Intersectionality-based Policy Analysis Tool

Toolkit arrow-right Analysing the issue

This is the Make Way Consortium’s Intersectionality-Based Policy Analysis (IBPA) tool. It will help you analyse policies related to sexual and reproductive health and rights (SRHR), as well as health systems, through an intersectional lens.

Table of content

Chapter 1: Introduction
Chapter 2: The tool
Chapter 3: How to use the tool step by step
Chapter 4: Next steps
Chapter 5: More information

1. Introduction

Policy and laws are often seen as documents with authority that cannot be questioned. By applying this tool, you realise that policies are written by people. People who are shaped by society and have their own biases so are, in some respects, subjective. Policies are often influenced by unequal power dynamics. This tool is a framework to give value to that subjectivity and reveal power imbalances. In that way, it provides you with a guide to shifting power norms, which is key in an intersectional approach to advocacy.

What will you get out of the tool?

  • The tool provides a roadmap for the policy analysis process. It allows you to determine which stakeholders and what policies to further investigate, where there are possible alliances, and what opportunities and challenges there may be. Applying the tool enables you to ask critical questions about a policy, find out who is behind it, and think through points that would not be under the spotlight in a regular policy analysis process.
  • The tool adds an intersectional way of thinking to how we look at the underlying power dynamics of policies.
  • The tool humanises policy – the process of policymaking and the people who benefit/are affected by it. It helps us shift into a framework that puts the goal of “leaving no one behind” at the centre of every policy.

2. The tool

The tool consists of 36 questions, divided into 8 categories (see annex 1):

  • what is the policy about
  • the policy’s ecosystem
  • the perspectives that underpin the policy
  • the policy development process
  • the people or identities the policy addresses
  • how the policy operates
  • monitoring and evaluation of the policy
  • accountability

The tool and its outcomes can be used by different groups:

  • There are the analysers: people knowledgeable on policymaking
  • There are the advocates: who can use the results of the analysers to influence and monitor
  • And there are the wider target groups of the existing policies that can be informed and trained with this tool

Of course, the different groups may overlap. You may be both an analyser and an advocate!

We would advise you to think of the IBPA as a collaborative process. You can, of course, do it as an individual exercise, but the value of the information you get will vary. For example, if you do the exercise with representatives from other coalitions or areas of interest to the policy, you’ll be able to get information from a perspective you may not have anticipated. This is at the heart of intersectionality: realising that your views and knowledge may differ from someone else’s, and the value of this in collaboration.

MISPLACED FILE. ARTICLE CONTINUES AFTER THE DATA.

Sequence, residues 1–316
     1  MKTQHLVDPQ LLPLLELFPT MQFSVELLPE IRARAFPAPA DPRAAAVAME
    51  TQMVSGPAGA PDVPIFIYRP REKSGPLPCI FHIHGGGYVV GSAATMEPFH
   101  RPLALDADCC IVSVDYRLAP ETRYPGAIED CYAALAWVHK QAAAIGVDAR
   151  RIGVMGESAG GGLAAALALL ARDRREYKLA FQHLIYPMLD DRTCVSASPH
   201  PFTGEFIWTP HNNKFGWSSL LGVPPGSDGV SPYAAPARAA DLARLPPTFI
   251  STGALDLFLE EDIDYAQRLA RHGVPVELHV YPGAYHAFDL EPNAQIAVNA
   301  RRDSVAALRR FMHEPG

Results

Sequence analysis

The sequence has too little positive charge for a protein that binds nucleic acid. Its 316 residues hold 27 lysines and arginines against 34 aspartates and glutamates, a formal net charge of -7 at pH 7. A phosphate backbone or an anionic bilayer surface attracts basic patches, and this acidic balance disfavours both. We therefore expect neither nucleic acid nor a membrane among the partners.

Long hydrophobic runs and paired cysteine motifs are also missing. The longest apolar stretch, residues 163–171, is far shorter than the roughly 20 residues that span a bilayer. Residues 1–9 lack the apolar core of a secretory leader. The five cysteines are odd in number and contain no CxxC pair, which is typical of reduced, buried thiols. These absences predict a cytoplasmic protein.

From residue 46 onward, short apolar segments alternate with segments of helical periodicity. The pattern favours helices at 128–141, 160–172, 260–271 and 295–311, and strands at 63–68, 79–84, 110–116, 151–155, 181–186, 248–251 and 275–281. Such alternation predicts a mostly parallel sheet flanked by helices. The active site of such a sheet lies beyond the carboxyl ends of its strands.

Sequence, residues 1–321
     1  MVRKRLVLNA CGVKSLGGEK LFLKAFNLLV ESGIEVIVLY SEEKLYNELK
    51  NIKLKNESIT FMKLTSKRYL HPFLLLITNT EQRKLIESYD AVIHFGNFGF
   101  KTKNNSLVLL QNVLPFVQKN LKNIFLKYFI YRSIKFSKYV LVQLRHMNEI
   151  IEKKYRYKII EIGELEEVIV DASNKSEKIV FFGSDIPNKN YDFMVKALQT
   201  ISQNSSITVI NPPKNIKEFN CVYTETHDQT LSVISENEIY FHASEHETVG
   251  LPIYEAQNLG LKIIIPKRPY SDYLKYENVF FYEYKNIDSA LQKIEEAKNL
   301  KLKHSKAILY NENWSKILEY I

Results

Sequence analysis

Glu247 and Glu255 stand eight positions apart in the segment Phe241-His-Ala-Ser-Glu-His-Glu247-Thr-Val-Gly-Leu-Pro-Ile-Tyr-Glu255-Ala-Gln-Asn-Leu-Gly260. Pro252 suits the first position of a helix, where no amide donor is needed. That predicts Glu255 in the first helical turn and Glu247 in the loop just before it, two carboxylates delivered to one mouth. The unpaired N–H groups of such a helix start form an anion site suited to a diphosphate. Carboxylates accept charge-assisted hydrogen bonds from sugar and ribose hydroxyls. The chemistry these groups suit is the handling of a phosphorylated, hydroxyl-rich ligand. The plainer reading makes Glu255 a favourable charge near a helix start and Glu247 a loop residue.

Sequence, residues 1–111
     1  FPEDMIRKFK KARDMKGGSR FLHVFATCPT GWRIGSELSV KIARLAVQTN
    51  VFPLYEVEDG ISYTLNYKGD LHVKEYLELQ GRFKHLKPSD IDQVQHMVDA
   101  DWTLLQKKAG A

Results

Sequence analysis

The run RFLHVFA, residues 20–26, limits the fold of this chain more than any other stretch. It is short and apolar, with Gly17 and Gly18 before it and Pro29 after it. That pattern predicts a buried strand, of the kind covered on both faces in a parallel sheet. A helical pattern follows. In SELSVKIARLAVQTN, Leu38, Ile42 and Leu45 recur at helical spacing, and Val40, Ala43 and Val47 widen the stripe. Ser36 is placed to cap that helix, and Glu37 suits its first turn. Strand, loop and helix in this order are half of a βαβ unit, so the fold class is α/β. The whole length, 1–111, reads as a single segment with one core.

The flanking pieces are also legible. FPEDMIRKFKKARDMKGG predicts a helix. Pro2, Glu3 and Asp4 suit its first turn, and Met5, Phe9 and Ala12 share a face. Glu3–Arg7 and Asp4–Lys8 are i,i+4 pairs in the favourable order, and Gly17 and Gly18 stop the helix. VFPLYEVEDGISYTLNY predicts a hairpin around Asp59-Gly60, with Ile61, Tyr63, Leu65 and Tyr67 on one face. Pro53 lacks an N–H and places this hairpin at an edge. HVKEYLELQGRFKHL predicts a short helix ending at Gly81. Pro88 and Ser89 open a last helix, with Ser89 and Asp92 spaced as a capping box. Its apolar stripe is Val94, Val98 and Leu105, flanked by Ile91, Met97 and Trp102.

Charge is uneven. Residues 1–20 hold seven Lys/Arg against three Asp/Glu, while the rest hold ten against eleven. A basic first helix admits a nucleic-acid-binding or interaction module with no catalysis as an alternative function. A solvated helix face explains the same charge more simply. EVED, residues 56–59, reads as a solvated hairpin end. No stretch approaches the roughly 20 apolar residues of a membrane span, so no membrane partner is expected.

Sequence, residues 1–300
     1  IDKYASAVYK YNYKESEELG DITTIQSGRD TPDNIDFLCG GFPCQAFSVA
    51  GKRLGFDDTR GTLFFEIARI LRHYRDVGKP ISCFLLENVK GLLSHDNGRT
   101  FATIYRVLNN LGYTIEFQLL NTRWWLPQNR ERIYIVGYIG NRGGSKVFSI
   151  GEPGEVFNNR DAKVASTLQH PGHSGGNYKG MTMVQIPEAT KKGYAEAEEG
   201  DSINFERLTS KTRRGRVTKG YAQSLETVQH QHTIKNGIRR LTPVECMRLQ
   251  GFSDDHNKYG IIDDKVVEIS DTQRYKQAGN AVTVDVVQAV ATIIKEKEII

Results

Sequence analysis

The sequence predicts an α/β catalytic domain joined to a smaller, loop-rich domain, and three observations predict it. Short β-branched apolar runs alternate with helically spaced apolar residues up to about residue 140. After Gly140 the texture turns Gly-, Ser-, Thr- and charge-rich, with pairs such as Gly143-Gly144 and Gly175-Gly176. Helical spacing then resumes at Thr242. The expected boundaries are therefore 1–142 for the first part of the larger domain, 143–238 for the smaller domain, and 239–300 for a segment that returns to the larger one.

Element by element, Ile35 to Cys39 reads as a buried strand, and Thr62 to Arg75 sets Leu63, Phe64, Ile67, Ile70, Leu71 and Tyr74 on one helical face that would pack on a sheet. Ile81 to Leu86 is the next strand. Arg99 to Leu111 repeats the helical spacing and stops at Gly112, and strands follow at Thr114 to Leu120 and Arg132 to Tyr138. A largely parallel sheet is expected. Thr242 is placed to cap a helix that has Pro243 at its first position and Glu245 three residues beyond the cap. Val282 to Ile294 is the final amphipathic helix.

3. How to use the tool step by step

Step 1: Background work

  • Identify the policy document you want to analyse. Why do you want to analyse it? What are your goals and objectives?
  • Choose an appropriate methodology, given the expectations and available resources. It can be an online or in-person group session. Or even an individual exercise.
  • Who are you involving in this policy analysis exercise? Are people impacted by the policy part of this? Have you considered involving youth, minoritised people, the people that the policy actually targets?
  • Make sure you know at which stage of the policymaking cycle your policy currently is. Agenda setting? Policy formulation? Consultation? Policy implementation? Policy evaluation? This will help you make further decisions on what possibilities you have for advocacy.
  • Do some research in advance. For example, it might be useful to find out more about the decision-making process of the policymakers. Or to hear something from people who ‘live’ the topic of the policy. But don’t get too absorbed in detail beforehand. You will get a better sense of what you will need to focus on after the exercise.
  • Keep the context in mind. Is the policy addressing a sensitive issue in the context you’re operating in? Then you might consider doing the analysis in a safe space (physical or digital).
  • Allow time for participants to read the policy before your session: share it as early as possible. If time allows, and there are requests from participants, you may consider a briefing call ahead of the IBPA session to answer questions about the policy document.
  • It is useful to have someone who is more knowledgeable about the policy provide a summary, and some background information, at the beginning of the session.